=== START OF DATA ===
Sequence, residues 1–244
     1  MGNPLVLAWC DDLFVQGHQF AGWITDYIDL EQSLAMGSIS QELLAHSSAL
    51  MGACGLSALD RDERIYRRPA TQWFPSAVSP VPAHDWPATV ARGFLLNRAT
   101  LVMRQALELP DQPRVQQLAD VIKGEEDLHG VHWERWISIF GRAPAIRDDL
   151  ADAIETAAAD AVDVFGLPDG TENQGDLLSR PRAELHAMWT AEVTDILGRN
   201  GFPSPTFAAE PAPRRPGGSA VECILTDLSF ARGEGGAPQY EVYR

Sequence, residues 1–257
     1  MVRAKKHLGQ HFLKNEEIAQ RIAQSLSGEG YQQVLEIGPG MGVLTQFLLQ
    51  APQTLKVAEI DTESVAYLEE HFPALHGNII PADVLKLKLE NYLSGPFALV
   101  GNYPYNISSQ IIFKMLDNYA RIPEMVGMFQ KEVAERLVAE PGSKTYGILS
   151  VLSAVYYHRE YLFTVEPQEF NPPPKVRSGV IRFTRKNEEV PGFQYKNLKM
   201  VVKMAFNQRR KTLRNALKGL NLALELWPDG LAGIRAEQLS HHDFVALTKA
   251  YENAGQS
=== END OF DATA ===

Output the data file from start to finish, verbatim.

Sequence, residues 1–244
     1  MGNPLVLAWC DDLFVQGHQF AGWITDYIDL EQSLAMGSIS QELLAHSSAL
    51  MGACGLSALD RDERIYRRPA TQWFPSAVSP VPAHDWPATV ARGFLLNRAT
   101  LVMRQALELP DQPRVQQLAD VIKGEEDLHG VHWERWISIF GRAPAIRDDL
   151  ADAIETAAAD AVDVFGLPDG TENQGDLLSR PRAELHAMWT AEVTDILGRN
   201  GFPSPTFAAE PAPRRPGGSA VECILTDLSF ARGEGGAPQY EVYR

Sequence, residues 1–257
     1  MVRAKKHLGQ HFLKNEEIAQ RIAQSLSGEG YQQVLEIGPG MGVLTQFLLQ
    51  APQTLKVAEI DTESVAYLEE HFPALHGNII PADVLKLKLE NYLSGPFALV
   101  GNYPYNISSQ IIFKMLDNYA RIPEMVGMFQ KEVAERLVAE PGSKTYGILS
   151  VLSAVYYHRE YLFTVEPQEF NPPPKVRSGV IRFTRKNEEV PGFQYKNLKM
   201  VVKMAFNQRR KTLRNALKGL NLALELWPDG LAGIRAEQLS HHDFVALTKA
   251  YENAGQS